‘Near-term attacks’: State Dept. issues Europe-wide travel alert as US ramps up security at home

© Ralph Orlowski
Citing risks of “near-term” terrorist attacks, the US has warned Americans against traveling anywhere in Europe and boosted security at home since twin blasts in Brussels left 31 dead and over 250 wounded, including several US citizens.

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“Terrorist groups continue to plan near-term attacks throughout Europe, targeting sporting events, tourist sites, restaurants and transportation,” the State Department said in a statement. 

The Department has urged its citizens to be attentive and cautious when in crowded places or using public transportation, and to be especially vigilant while attending religious holidays, festivals, and similar events that attract large numbers of people.

“We work closely with our allies and will continue to share information with our European partners that will help identify and counter terrorist threats,” the department said.

The new travel alert, which extends to all countries “throughout Europe,” will stay in effect for the next 90 days – until June 20.

The US issued a “Crisis in Belgium” guide following the terror attacks, calling on its citizens to shelter in places and “take the appropriate steps to bolster your personal security.”

US media reported earlier that at least nine Americans had been among the over 230 injured in Tuesday’s attacks, including three Utah Mormon missionaries and an Air Force member and his family.

The State Department could not immediately confirm that information, however, though it admitted that it was aware that US citizens had been among those wounded.

“I’m going to avoid giving a specific number,” spokesman John Kirby told an AP reporter. “It would be irresponsible for me to give out a number now when the numbers are actually changing literally by the hour,” he said, adding that he would leave it to “the medical people” to “patch these folks up.”

Kirby was also reluctant to comment on allegedly hurt Mormon missionaries, saying that he “can’t confirm specific individuals.”

When asked whether any American tourists had been hospitalized, Kirby replied that he “honestly” didn’t know.

In the meantime, the FBI and New York police officers are sending a team to Brussels to investigate the explosions, John Miller, New York deputy police commissioner for intelligence and counterterrorism, told reporters earlier on Tuesday.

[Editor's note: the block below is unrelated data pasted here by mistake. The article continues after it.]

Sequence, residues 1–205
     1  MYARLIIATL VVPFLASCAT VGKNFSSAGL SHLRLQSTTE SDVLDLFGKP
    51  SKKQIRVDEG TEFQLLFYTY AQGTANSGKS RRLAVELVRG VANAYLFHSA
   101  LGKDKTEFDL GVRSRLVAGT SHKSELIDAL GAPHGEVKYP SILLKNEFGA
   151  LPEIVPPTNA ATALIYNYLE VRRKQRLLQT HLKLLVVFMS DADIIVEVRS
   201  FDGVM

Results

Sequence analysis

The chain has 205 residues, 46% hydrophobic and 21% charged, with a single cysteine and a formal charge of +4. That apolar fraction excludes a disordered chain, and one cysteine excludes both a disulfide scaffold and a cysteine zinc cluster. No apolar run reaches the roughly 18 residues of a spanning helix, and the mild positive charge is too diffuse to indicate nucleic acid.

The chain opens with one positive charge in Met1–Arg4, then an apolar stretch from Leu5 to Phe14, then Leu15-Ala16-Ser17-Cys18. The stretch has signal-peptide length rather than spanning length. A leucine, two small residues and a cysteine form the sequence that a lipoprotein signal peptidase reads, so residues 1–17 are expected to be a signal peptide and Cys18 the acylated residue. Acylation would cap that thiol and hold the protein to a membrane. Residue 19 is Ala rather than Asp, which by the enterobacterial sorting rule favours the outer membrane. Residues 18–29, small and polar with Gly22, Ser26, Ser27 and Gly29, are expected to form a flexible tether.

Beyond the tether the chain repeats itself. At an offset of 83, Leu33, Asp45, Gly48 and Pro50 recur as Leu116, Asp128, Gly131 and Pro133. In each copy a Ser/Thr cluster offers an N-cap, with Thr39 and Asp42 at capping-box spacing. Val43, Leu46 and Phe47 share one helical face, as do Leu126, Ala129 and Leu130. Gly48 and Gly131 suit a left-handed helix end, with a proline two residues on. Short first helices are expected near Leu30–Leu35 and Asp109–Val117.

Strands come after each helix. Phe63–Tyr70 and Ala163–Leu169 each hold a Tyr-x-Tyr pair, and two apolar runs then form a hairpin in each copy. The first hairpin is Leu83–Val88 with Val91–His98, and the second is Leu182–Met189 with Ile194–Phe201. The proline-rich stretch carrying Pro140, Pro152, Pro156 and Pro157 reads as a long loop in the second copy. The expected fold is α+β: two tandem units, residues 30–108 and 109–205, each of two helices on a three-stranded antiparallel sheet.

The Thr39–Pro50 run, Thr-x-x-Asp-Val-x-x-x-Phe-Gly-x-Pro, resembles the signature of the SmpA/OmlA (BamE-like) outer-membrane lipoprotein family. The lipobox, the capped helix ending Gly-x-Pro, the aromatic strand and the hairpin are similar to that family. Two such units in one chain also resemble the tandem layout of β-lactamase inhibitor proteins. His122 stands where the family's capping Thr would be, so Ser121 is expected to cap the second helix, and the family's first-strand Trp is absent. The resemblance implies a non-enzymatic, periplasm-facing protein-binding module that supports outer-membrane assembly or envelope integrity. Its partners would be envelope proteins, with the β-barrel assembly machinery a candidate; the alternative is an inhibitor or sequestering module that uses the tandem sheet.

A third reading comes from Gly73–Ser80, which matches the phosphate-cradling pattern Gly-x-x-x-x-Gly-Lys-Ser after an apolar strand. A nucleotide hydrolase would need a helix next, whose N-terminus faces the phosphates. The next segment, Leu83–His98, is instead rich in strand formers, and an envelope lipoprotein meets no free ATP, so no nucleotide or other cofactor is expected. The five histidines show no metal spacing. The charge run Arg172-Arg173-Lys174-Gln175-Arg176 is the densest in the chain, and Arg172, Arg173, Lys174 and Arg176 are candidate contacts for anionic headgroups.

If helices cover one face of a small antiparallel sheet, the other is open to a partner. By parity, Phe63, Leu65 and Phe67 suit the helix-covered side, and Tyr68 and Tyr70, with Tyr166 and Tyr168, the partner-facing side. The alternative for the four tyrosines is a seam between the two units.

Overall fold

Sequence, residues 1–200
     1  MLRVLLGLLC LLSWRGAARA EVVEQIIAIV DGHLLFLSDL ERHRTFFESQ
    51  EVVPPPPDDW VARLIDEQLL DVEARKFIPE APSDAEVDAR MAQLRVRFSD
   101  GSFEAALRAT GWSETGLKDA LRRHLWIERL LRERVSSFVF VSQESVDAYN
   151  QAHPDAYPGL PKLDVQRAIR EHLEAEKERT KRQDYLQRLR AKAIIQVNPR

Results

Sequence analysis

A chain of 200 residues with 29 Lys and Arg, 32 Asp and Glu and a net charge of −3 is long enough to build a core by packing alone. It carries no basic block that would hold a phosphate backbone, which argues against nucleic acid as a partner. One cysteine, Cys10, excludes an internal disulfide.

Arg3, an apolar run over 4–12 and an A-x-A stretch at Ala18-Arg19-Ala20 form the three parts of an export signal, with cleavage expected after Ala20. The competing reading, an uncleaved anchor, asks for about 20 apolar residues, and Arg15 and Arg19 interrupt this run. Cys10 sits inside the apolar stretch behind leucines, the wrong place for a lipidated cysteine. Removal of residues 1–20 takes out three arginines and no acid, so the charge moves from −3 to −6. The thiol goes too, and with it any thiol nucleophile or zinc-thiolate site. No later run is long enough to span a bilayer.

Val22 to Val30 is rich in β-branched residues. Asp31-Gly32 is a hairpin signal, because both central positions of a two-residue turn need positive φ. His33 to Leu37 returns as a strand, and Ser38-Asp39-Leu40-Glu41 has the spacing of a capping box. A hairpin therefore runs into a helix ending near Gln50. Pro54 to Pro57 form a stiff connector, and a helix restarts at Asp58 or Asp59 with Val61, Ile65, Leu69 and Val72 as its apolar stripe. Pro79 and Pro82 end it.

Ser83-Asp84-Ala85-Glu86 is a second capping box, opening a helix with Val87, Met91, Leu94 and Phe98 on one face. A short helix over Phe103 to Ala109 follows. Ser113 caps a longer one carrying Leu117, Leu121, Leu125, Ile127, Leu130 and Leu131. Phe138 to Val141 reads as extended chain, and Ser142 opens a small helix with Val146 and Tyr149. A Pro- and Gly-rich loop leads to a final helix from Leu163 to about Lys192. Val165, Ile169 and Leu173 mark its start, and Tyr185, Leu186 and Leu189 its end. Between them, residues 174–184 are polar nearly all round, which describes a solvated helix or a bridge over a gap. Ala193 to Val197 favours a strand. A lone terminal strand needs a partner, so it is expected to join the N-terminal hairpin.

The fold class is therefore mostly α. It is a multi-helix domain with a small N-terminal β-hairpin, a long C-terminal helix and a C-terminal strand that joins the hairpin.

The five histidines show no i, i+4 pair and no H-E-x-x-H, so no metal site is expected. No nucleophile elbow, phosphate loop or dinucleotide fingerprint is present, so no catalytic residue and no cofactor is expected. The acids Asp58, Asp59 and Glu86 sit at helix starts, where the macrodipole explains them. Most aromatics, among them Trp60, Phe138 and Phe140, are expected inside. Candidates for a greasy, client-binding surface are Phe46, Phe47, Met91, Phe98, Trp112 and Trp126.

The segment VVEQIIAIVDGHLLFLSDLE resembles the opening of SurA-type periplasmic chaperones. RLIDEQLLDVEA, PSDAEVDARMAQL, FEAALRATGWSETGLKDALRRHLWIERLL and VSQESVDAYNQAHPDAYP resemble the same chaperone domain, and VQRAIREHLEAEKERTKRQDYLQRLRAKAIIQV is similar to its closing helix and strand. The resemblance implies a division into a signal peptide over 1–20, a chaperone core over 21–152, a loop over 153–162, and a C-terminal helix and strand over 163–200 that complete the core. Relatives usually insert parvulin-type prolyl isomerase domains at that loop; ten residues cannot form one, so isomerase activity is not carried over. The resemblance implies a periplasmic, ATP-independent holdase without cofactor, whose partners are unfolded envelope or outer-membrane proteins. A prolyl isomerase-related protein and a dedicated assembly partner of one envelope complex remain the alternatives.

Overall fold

“Because there are Americans among the casualties and US persons in the attack in Belgium, there will be an FBI investigation coming out of the New York City Joint Terrorism Task Force,” Miller told the media. “We expect agents and New York City detectives, or Task Force officers, to be gearing up to leave for that investigation overseas as early as tonight or tomorrow.”

‘Public safety is paramount’

US cities and airports have stepped up security and surveillance in the wake of the attacks in Belgium.

Police presence has been ramped up at all three of New York City’s major air hubs – John F. Kennedy International, Newark Liberty, and LaGuardia.

“NYPD is on increased alert across our city. While we take this threat seriously, we will not live in fear. Our lives will continue today in honor of those lost to terrorism,” New York City Mayor Bill De Blasio said. “Securing New York City is our show of solidarity with the people of Brussels and the victims of terrorism worldwide.”

New York State governor Andrew Cuomo directed law enforcement officials to step up security at high-profile locations around the state, including bridges and tunnels, stressing that “public safety is paramount.”

While security has been tightened, New York Police Department spokesman J. Peter Donald said that “there is no known indication that the attack has any nexus to New York City.”

Metro Transit Police officers in Washington, DC began performing additional K9 sweeps and patrols following news of the deadly blasts in Belgium.

The Metropolitan Washington Airports Authority said that robust security, both visible and behind-the-scenes, is currently in place.

Elsewhere in the US, security measures have been stepped up in Atlanta, Boston, Chicago, Denver, Los Angeles, Miami, and Philadelphia in order to prevent Brussels-like attacks.

"Security has been strengthened for our public transit systems and airports, and law enforcement teams will remain vigilant to ensure the safety of our citizens,” Massachusetts Governor Charlie Baker said.